Page last updated at 22:28 GMT, Wednesday, 6 April 2005 23:28 UK

Is your business idea good enough?

Would your business idea actually make any money?
Are you always thinking about possible business ideas, but fear of failure forever holds you back from starting up your own company?

Help could be at hand.

Here Paul Lynam, chief executive NatWest & RBS Business Banking, looks at how to best evaluate whether your business idea could be a success.

QUESTION Bimal Gohil, UK
I have a wealth of ideas and am good at spotting new opportunities for growth and development.

So much so that my wife has asked me to stop coming up with the ideas as I only get upset when a couple of years later someone else comes up with the same thing.

What is the best way of assessing the viability of a business proposition - as fear of failure stops me from putting my neck out?

ANSWER Paul Lynam, chief executive NatWest & RBS Business Banking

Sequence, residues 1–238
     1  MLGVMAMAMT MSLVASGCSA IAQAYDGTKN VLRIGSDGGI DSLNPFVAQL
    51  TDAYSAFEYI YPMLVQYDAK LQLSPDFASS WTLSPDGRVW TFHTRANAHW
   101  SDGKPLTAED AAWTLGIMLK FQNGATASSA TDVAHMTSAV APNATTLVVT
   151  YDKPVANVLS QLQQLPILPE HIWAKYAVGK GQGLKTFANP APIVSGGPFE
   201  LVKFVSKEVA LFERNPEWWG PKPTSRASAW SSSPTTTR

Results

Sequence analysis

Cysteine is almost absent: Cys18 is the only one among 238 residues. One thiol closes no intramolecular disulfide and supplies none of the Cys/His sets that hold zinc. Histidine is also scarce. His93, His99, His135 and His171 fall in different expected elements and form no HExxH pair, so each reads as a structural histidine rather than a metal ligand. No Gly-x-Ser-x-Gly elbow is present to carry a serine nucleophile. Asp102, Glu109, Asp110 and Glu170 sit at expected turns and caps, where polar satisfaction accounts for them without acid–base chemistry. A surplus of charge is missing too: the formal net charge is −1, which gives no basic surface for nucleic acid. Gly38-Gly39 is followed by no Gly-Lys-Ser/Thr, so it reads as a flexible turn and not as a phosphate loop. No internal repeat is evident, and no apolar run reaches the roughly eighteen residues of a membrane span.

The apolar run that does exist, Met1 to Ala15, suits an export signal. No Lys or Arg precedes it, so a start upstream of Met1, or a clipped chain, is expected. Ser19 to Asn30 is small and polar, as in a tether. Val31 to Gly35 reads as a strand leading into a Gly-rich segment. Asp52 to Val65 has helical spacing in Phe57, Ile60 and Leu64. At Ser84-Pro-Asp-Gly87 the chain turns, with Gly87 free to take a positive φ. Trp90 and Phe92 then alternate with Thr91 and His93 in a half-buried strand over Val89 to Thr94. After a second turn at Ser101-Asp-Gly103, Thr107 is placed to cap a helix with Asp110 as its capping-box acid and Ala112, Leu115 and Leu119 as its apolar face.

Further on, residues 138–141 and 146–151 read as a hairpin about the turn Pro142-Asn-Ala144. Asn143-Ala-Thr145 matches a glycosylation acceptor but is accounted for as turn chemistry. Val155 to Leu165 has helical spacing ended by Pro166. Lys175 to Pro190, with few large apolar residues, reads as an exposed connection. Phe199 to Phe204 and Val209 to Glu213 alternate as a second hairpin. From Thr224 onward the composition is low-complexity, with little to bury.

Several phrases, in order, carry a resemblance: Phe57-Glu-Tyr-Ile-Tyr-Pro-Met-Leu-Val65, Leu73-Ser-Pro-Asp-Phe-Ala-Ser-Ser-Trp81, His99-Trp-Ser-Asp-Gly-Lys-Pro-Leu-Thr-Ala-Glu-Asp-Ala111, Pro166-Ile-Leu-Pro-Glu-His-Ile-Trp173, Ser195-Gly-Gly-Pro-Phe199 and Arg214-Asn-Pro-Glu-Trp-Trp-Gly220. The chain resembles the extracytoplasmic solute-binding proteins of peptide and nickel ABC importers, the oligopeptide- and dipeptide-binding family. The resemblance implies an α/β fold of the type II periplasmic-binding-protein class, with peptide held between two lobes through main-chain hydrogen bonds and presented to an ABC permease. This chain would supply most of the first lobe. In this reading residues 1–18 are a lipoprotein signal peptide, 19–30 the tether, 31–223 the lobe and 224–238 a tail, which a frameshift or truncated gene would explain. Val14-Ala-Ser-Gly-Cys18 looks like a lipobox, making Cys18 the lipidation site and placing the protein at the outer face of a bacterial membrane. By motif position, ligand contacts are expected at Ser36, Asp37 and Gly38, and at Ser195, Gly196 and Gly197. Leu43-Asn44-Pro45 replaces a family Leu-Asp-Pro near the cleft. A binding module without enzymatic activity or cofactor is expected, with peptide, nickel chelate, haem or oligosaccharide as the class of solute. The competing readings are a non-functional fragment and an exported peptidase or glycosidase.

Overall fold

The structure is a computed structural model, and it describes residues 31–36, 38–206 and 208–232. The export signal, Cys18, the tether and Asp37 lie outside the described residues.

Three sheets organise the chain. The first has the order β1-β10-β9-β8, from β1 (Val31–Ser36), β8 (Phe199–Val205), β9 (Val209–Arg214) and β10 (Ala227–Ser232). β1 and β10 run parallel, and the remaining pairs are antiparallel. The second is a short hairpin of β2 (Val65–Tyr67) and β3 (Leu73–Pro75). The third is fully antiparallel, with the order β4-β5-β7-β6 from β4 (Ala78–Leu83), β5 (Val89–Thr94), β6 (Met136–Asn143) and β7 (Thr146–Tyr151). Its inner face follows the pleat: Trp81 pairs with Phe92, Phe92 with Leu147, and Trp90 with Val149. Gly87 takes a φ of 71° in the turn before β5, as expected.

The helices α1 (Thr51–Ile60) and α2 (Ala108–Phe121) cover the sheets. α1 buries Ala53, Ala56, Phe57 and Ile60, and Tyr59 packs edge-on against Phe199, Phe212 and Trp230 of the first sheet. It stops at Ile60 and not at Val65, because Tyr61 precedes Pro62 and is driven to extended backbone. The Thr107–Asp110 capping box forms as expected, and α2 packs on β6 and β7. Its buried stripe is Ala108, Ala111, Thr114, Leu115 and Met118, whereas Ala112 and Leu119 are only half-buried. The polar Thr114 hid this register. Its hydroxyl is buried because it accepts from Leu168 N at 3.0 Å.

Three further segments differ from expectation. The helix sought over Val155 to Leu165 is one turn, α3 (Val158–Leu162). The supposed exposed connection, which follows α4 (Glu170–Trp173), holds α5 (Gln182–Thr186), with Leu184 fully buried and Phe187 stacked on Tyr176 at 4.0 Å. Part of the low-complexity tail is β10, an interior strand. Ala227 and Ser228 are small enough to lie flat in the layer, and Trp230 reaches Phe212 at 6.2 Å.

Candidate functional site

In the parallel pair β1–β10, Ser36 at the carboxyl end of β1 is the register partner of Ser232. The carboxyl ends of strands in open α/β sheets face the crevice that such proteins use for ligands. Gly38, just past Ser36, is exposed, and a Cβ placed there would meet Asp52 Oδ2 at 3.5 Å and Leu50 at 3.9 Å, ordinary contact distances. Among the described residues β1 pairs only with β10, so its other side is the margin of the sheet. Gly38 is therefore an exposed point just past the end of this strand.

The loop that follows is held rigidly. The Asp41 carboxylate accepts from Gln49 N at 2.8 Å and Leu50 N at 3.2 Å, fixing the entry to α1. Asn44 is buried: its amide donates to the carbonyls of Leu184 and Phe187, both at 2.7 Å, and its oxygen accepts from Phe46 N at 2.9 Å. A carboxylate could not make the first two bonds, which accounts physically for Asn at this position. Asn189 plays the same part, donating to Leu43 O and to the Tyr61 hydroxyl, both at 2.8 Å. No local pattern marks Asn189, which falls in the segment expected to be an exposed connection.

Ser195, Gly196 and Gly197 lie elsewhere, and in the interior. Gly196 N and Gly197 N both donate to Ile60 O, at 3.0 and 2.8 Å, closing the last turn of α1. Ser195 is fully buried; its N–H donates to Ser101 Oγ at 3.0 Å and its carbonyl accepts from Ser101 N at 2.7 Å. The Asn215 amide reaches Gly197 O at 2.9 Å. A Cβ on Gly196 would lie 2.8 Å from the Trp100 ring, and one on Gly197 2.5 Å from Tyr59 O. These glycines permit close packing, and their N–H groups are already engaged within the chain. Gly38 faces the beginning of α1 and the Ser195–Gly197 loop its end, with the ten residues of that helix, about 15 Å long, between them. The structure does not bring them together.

It's great to see that you have thought about unique business ideas.

Coming up with a suitable idea is one of the biggest struggles that potential entrepreneurs face, so you are already one step ahead.

My initial suggestion would be to prepare a business plan, which will put your business ideas into a format that can help you decide how viable your business proposition is.

This will prompt questions around the strengths, weaknesses, opportunities and threats of the potential business.

There is a wide range of business literature and software available that will assist you with both the planning of the business and the key stages that you will need to follow.

Often this is available free of charge from the internet sites of major banks.

I would advise that you ask yourself the following questions to determine whether going it alone is the right path for you:

  • How will this fit in with your lifestyle?

  • Do I have the right qualities?

  • What is my Unique Selling Point (USP)?

  • How will I sell and market my product/service?

  • Will I make a profit?

  • What will my cashflow be like?

  • What are my set up costs?

  • How will I fund the business initially?

  • Will I need to employ staff?

    I would also recommend that you approach either a local enterprise agency or Business Link, who will be able to evaluate your idea and give you a steer in the right direction for more information and guidance.

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